Harry pushed his cart off down the platform in search of an empty seat. He passed
a round-faced boy who was saying, "Gran, I've lost my toad again."
"Oh, Neville," he heard the old woman sigh.
A boy with dreadlocks
was surrounded by a small crowd.
"Give us a look, Lee, go on."
The boy lifted the lid of a box in his arms, and the people around him shrieked
and yelled as something inside poked out a long, hairy leg.
on through the crowd until he found an empty compartment near the end of the train.
He put Hedwig inside first and then started to shove and heave his trunk toward
the train door. He tried to lift it up the steps but could hardly raise one end
and twice he dropped it painfully on his foot.
"Want a hand?"
It was one of the red-haired twins he'd followed through the barrier.
please," Harry panted.
"Oy, Fred! C'mere and help!"
With the twins' help, Harry's trunk was at last tucked away in a corner of the
"Thanks," said Harry, pushing his sweaty hair out
of his eyes.
"What's that?" said one of the twins suddenly, pointing
at Harry's lightning scar.
"Blimey," said the other twin. "Are
"He is," said the first twin. "Aren't you?" he
added to Harry.
"What?" said Harry.
"chorused the twins.
"Oh, him," said Harry. "I mean,
yes, I am."
The two boys gawked at him, and Harry felt himself turning
red. Then, to his relief, a voice came floating in through the train's open door.
"Fred? George? Are you there?"
With a last look at Harry, the twins hopped off the train.
Harry sat down
next to the window where, half hidden, he could watch the red-haired family on
the platform and hear what they were saying. Their mother had just taken out her
"Ron, you've got something on your nose."
The youngest boy tried to jerk out of the way, but she grabbed him and began rubbing
the end of his nose.
"Mom -- geroff" He wriggled free.
"Aaah, has ickle Ronnie got somefink on his nosie?" said one of the
"Shut up," said Ron.
said their mother.
"He's coming now."
The oldest boy came
striding into sight. He had already changed into his billowing black Hogwarts
robes, and Harry noticed a shiny silver badge on his chest with the letter P on
"Can't stay long, Mother," he said. "I'm up front, the
prefects have got two compartments to themselves --"
you a prefect, Percy?" said one of the twins, with an air of great surprise.
"You should have said something, we had no idea."
on, I think I remember him saying something about it," said the other twin.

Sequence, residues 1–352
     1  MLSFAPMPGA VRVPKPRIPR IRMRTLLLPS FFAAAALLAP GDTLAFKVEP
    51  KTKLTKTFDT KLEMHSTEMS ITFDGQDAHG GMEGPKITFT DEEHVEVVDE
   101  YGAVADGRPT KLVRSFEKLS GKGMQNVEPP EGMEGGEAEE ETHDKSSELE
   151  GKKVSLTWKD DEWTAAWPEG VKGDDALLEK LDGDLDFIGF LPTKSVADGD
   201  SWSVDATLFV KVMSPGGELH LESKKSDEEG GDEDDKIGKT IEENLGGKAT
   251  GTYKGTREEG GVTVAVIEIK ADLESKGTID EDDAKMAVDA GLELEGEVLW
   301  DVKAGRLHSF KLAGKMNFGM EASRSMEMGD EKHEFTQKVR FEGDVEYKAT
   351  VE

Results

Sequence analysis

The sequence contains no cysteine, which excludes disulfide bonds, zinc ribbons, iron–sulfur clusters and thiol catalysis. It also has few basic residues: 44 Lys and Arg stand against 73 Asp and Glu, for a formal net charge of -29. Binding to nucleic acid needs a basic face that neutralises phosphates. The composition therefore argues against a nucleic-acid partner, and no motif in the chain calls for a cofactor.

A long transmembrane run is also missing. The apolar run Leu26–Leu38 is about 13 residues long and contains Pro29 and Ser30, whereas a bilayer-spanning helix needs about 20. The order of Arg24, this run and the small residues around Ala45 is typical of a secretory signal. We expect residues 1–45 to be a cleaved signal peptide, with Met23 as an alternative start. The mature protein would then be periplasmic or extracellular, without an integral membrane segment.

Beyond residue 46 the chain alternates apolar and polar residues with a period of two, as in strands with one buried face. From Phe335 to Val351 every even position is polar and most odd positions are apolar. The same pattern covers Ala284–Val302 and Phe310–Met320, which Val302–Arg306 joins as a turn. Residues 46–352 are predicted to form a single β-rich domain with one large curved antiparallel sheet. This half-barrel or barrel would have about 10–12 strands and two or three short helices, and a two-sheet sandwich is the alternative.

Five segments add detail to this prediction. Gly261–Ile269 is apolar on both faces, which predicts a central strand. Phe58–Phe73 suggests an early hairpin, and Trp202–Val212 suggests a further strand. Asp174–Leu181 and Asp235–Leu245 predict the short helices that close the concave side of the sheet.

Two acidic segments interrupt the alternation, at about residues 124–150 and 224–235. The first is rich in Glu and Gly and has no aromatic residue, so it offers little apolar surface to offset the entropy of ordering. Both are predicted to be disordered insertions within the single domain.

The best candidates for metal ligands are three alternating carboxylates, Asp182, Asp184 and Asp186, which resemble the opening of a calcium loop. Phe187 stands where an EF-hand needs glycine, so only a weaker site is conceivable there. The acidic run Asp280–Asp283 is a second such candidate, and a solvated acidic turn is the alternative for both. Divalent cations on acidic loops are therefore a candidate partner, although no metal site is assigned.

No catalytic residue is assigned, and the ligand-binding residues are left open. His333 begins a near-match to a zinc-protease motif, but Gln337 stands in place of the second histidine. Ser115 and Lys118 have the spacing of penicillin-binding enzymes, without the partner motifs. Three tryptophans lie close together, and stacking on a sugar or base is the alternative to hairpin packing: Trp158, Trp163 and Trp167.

"Or twice --"
"A minute --"
"All summer --"
"Oh, shut up," said Percy the Prefect.
"How come Percy gets new robes, anyway?" said one of the twins.
"Because he's a prefect," said their mother fondly. "All right,
dear, well, have a good term -- send me an owl when you get there."
She kissed Percy on the cheek and he left. Then she turned to the twins.
"Now, you two -- this year, you behave yourselves. If I get one more owl
telling me you've -- you've blown up a toilet or --"
a toilet? We've never blown up a toilet."
"Great idea though,
"It's not funny. And look after Ron."
"Don't worry, ickle Ronniekins is safe with us."
said Ron again. He was almost as tall as the twins already and his nose was still
pink where his mother had rubbed it.
"Hey, Mom, guess what? Guess
who we just met on the train?"
Harry leaned back quickly so they couldn't
see him looking.
"You know that black-haired boy who was near us in
the station? Know who he is?"
Harry heard the little girl's voice.
can I go on the train and see him, Mom, eh please...."
already seen him, Ginny, and the poor boy isn't something you goggle at in a zoo.
Is he really, Fred? How do you know?"
"Asked him. Saw his scar.
It's really there - like lightning."
"Poor dear - no wonder he
was alone, I wondered. He was ever so polite when he asked how to get onto the
"Never mind that, do you think he remembers what You-Know-Who
Their mother suddenly became very stern.
forbid you to ask him, Fred. No, don't you dare. As though he needs reminding
of that on his first day at school."
"All right, keep your hair
A whistle sounded.
"Hurry up!" their mother
said, and the three boys clambered onto the train. They leaned out of the window
for her to kiss them good-bye, and their younger sister began to cry.
Ginny, we'll send you loads of owls."
"We'll send you a Hogwarts
"Only joking, Mom."